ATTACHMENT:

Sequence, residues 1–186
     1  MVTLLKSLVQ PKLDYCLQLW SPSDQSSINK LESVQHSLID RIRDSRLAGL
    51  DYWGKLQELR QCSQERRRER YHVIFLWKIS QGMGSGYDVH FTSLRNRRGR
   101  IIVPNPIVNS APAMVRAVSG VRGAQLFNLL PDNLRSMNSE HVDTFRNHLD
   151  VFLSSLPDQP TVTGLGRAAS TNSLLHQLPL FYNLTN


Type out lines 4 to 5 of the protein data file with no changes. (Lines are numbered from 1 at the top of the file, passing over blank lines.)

   101  IIVPNPIVNS APAMVRAVSG VRGAQLFNLL PDNLRSMNSE HVDTFRNHLD
   151  VFLSSLPDQP TVTGLGRAAS TNSLLHQLPL FYNLTN